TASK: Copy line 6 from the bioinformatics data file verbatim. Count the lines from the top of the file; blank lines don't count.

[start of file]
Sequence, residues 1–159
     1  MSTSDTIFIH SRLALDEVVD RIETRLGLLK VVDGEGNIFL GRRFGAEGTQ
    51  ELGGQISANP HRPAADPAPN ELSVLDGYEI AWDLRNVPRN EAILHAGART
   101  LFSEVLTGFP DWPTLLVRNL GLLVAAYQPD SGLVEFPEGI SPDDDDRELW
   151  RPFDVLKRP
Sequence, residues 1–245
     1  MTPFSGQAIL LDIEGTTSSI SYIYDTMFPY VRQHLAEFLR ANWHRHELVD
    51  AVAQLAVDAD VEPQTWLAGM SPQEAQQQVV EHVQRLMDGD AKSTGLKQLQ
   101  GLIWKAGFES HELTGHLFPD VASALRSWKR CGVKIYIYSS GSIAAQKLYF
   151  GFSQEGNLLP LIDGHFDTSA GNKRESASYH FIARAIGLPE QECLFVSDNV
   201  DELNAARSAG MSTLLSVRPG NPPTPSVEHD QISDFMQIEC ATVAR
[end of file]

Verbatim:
Sequence, residues 1–245